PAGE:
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electronic MUSICIAN

The Audio Bond

By Kylee Swenson Gordon | October 25, 2012

 
David Adams at Millennium Stadium in Cardiff, Wales, for the 2012 Olympic Games soccer tournament.

When SoundCloud was first founded in 2007, sound designer Alexander Ljung and musician Eric Wahlforss aimed to create a tool that key players in the music industry could use to share tracks. But within a few months, it was giving MySpace a run for its money as the premier online social audio platform.

Based in Berlin, London, and San Francisco, the company’s 100-plus employees uphold SoundCloud’s mission to “unmute the web.” By allowing its 15 million registered users to create, record, promote, and share their sounds easily, SoundCloud connects producers, artists, and fans in unprecedented ways.

London-based Music Relations Content Manager (and musician) David Adams knows the ins and outs of SoundCloud as a tool for producers and artists. Here, he relays some creative tips to unleash the potential of the platform.

 
How can SoundCloud help musicians and producers increase exposure and opportunities in ways that other sites can’t?
SoundCloud allows sound creators to instantly record or upload original audio content; embed sound across blogs and social networks such as Facebook, Twitter, and Pinterest; share publicly and privately; receive detailed analytics; and get feedback from the community directly onto the waveform.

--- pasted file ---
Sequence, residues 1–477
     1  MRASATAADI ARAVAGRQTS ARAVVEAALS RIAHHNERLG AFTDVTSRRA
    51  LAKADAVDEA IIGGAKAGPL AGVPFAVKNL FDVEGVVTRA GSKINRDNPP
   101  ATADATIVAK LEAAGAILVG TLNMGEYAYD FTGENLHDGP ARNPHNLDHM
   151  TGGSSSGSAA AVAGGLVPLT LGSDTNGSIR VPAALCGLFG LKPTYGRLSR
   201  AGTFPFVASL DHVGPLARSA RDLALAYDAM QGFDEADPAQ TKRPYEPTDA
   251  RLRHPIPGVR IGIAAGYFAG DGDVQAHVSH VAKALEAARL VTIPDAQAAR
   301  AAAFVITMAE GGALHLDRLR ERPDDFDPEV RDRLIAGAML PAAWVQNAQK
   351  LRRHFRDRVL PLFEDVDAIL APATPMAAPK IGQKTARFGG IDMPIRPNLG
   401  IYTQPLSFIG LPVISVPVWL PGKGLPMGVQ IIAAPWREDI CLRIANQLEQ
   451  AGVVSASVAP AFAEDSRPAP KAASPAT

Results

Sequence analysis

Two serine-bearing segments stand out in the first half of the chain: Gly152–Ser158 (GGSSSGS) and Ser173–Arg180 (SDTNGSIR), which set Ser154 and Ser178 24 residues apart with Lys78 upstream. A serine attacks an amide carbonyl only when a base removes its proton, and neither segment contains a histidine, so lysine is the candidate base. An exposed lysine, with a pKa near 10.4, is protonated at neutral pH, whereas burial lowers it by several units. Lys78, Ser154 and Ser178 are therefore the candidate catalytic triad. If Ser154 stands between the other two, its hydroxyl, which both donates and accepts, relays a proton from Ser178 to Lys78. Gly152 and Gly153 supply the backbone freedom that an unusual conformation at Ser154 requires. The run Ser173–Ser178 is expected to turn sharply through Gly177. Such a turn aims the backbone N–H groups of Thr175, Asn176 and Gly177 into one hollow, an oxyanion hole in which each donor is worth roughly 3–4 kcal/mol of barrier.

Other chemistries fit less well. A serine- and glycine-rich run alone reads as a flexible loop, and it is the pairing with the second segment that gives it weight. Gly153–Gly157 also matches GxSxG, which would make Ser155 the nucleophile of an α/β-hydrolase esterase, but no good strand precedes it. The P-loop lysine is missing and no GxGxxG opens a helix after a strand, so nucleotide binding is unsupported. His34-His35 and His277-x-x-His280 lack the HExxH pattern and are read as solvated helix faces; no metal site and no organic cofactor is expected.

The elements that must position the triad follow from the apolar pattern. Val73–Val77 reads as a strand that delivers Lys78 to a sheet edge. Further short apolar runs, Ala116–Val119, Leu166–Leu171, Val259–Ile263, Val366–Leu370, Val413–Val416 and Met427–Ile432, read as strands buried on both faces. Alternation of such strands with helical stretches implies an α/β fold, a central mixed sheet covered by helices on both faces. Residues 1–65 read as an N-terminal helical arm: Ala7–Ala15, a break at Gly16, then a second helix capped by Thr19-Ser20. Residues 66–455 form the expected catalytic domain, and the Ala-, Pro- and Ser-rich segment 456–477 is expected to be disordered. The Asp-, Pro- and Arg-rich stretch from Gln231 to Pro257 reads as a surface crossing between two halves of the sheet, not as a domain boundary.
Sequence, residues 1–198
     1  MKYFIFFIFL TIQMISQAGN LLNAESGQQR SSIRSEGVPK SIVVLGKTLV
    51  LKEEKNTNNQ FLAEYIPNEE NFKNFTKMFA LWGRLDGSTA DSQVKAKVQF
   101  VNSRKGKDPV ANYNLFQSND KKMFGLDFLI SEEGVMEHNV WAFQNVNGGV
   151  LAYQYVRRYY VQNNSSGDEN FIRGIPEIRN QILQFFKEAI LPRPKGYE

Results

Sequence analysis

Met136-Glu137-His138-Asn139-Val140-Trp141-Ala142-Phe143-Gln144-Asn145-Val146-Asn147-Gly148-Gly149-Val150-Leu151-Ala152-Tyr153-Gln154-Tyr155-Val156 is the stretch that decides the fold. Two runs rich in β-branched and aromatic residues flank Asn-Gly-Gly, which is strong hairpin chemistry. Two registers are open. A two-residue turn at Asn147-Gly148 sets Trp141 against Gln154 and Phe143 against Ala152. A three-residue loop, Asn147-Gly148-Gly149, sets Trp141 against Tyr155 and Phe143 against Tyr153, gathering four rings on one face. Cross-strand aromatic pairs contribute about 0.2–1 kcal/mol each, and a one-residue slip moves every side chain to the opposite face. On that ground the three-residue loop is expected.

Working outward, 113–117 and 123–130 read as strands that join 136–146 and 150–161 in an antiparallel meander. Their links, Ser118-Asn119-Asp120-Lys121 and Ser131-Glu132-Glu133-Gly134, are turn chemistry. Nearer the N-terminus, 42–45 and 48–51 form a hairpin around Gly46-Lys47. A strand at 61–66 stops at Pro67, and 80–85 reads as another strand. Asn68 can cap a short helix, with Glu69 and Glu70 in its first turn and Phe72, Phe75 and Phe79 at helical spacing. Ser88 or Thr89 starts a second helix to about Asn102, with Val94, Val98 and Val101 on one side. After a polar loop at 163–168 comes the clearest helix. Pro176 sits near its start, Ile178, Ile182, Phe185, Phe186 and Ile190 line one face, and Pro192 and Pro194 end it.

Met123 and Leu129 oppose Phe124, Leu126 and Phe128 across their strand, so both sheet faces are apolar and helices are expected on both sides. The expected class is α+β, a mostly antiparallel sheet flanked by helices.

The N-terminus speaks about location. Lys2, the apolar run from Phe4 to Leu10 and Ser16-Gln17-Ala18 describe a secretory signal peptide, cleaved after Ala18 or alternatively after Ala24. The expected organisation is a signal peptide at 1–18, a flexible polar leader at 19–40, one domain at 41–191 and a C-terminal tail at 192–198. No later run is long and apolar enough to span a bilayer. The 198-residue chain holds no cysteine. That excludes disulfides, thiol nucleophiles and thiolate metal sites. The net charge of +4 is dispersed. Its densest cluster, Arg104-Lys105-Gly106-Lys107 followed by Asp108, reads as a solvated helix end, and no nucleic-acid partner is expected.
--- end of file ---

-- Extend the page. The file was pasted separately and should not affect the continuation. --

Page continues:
An artist’s voice is a powerful tool: Beyond the realm of beats and lyrics, musicians can interact with fans using audio announcements, tour diaries, or recorded messages. To discover other ways artists can use their voice, this SoundCloud 101 gives some great tips [soundcloud.com/101/artists-voice].

Another way musicians can increase engagement with fans is through timed comments. It’s not just a place for fans to leave comments but for artists to interact directly—they can reply to fans, leave in-depth commentary around their music, and share a link within the waveform for more context. Our community building 101 has some great tips on the subject [soundcloud.com/101/community-building].

Producers can create music on DAWs such as Pro Tools and then post straight to SoundCloud. What are some other partnerships musicians will find helpful?
SoundCloud has an open API that has allowed for numerous integrations to help artists throughout the lifetime of their music—from the first stage of exporting tracks directly to SoundCloud to other integrations that help with distribution, marketing, and analytics.

With SoundCloud baked into Pro Tools 10, audio producers from all fields can share their sounds privately with collaborators for feedback or share polished works with the world. Furthermore, once a musician has his music on the web, Flavors can help build out a website featuring their sounds at a low cost. Integrations with services such as TuneCore and CD Baby give access to distribution channels. And integrations with Webdoc and Thinglink allow musicians, and their fans, to share sounds in expressive ways.